• Genetic and environmental factors
  • Viral or bacterial factors that change your body’s response

Researchers aren’t certain of the cause of adult-onset shellfish allergies. However, if you experience symptoms of an allergic reaction after you consume shellfish, you should take proper precautions and consider taking an allergy test.

How long does it take to have an allergic reaction to shellfish?

An allergic reaction to shellfish typically doesn’t take too long to develop. You might experience some symptoms within minutes of coming into contact with the shellfish allergen, whether it’s by touching shellfish or eating it. Other symptoms can take up to an hour to show up. [5] But if you experience severe symptoms immediately after consuming shellfish, you should seek medical attention right away.

How are shellfish allergies diagnosed?

How do I know if I’m having an allergic reaction to shellfish? Diagnosing any food allergies can be tricky and shellfish is no different. Everyone can experience varying symptoms and severity of symptoms.

In addition, some people only experience an allergic reaction when they actually eat shellfish, while others might react when they come into contact with it—either by touch or by being near someone cooking shellfish.

These complications mean the process of confirming a shellfish allergy can take several steps. Some of these may include: [6]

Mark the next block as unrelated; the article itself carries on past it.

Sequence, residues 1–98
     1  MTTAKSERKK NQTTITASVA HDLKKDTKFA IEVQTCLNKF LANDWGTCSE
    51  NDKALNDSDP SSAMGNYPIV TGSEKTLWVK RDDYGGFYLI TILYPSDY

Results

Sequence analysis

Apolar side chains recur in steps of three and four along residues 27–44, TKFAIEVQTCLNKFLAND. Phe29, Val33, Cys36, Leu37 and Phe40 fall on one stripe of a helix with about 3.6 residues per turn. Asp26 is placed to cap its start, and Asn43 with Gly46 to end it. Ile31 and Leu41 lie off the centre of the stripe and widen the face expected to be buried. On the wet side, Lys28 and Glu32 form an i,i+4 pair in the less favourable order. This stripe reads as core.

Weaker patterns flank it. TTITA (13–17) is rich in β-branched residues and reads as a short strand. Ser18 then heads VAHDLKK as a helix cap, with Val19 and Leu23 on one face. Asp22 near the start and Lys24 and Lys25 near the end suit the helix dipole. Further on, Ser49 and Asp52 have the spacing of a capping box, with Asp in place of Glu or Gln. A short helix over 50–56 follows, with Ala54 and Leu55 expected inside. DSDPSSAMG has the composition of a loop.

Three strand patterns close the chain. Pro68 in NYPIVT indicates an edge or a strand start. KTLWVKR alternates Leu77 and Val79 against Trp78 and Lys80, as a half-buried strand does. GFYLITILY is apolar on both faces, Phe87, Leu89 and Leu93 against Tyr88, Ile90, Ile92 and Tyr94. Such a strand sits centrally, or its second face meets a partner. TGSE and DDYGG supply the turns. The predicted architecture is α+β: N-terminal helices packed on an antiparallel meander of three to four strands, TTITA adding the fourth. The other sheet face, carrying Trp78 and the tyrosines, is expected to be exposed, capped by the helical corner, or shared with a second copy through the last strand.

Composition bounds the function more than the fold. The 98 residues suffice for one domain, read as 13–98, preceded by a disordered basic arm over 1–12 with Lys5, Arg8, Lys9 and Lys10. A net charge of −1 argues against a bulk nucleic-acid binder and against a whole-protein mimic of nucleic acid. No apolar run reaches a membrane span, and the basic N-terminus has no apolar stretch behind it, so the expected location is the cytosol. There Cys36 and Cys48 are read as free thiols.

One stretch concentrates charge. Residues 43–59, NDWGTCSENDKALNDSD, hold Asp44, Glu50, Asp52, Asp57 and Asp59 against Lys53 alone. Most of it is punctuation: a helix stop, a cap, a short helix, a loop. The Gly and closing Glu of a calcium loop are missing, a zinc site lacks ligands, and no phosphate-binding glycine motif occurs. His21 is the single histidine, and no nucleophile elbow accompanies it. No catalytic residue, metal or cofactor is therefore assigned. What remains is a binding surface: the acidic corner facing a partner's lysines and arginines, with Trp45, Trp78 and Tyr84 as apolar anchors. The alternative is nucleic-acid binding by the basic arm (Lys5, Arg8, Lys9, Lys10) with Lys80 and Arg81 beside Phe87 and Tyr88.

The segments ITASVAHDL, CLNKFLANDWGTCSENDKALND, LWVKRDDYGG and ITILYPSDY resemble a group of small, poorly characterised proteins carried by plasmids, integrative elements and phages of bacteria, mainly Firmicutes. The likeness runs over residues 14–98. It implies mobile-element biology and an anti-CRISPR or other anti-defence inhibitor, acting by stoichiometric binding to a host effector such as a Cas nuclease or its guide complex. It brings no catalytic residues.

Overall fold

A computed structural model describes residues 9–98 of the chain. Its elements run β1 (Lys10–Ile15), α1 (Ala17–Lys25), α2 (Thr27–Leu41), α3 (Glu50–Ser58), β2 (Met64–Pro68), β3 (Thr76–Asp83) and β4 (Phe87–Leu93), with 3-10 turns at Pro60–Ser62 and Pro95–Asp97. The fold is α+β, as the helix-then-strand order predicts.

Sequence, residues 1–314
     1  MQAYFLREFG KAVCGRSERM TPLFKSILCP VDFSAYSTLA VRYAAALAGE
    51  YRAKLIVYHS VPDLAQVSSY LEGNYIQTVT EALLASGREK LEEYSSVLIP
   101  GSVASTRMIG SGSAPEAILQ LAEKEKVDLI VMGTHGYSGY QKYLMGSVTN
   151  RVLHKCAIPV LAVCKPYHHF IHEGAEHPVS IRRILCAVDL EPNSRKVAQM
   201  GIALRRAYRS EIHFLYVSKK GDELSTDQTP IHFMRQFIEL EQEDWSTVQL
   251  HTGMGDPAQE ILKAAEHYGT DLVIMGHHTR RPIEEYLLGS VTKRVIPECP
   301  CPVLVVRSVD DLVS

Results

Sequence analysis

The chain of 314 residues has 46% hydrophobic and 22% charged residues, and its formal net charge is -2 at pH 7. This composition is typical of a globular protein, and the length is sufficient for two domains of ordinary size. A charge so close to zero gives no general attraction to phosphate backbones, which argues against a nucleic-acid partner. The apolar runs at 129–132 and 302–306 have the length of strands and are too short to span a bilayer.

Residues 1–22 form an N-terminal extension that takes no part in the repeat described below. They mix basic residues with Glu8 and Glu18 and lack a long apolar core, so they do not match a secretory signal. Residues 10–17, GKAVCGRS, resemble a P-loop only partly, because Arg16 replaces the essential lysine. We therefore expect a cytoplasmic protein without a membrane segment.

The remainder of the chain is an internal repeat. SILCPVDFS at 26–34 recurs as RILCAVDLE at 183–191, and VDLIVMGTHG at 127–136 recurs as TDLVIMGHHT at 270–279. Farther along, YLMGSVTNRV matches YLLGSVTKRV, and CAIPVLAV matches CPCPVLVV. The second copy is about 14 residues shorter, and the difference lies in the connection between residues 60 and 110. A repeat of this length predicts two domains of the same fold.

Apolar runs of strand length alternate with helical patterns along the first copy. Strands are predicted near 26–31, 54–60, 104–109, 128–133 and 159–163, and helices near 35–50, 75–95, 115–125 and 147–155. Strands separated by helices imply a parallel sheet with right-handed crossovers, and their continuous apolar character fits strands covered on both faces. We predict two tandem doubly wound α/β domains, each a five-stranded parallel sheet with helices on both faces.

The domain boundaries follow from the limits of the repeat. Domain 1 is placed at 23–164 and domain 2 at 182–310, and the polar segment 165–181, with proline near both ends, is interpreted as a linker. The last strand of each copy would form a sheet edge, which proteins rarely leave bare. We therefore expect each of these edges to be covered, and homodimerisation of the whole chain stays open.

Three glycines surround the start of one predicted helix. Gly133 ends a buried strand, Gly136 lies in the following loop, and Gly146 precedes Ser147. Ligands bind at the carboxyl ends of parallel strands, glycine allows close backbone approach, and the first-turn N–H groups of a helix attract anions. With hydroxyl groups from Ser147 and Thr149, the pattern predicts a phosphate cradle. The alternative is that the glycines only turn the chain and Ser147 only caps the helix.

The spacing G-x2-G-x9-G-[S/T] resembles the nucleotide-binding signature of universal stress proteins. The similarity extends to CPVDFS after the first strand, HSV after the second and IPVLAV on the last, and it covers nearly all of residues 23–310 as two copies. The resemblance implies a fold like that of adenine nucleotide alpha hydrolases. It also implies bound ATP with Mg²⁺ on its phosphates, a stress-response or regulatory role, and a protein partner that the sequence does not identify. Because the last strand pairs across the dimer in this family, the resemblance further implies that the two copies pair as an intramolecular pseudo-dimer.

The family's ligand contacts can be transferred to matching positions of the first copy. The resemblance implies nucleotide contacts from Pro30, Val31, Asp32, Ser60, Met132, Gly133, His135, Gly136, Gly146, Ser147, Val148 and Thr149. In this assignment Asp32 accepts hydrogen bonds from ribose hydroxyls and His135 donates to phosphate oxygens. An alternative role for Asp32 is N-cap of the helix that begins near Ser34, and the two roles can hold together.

• A questionnaire – One of the first things you’ll be asked to do if you think you may have an allergy to a specific food is complete a questionnaire. The questionnaire will establish what you ate, when you ate it, how much you consumed, what your reactions were, the severity of the reaction, and more. You may even be asked to keep a food diary for several days to mark down other potential causes of your allergic reactions.
  • A skin prick test – A skin prick test involves placing a small drop of liquid containing the potential food allergen on your skin (in this case, the shellfish allergen). Then, a small needle pricks the skin so that a tiny bit of the food allergen-containing liquid can seep into the skin. If you have an allergy to the substance, your skin will form a small red bump. This type of allergy testing gives you quick results—often within 30 minutes or fewer.
  • A blood test – Blood tests are used as an alternative or in conjunction with skin prick tests. A small blood sample is drawn and then analyzed for a specific antibody. The presence of that antibody indicates the potential for an allergic reaction. This allergy testing takes a little longer to get results—typically a week or two. However, one advantage of this type of test is that you can do it at home using an at-home allergy test kit.

Depending on your symptoms and the severity of your reaction, a healthcare professional might use one or all three of these methods to determine if you’re likely to be allergic to shellfish.

What treatments help allergic reactions to shellfish?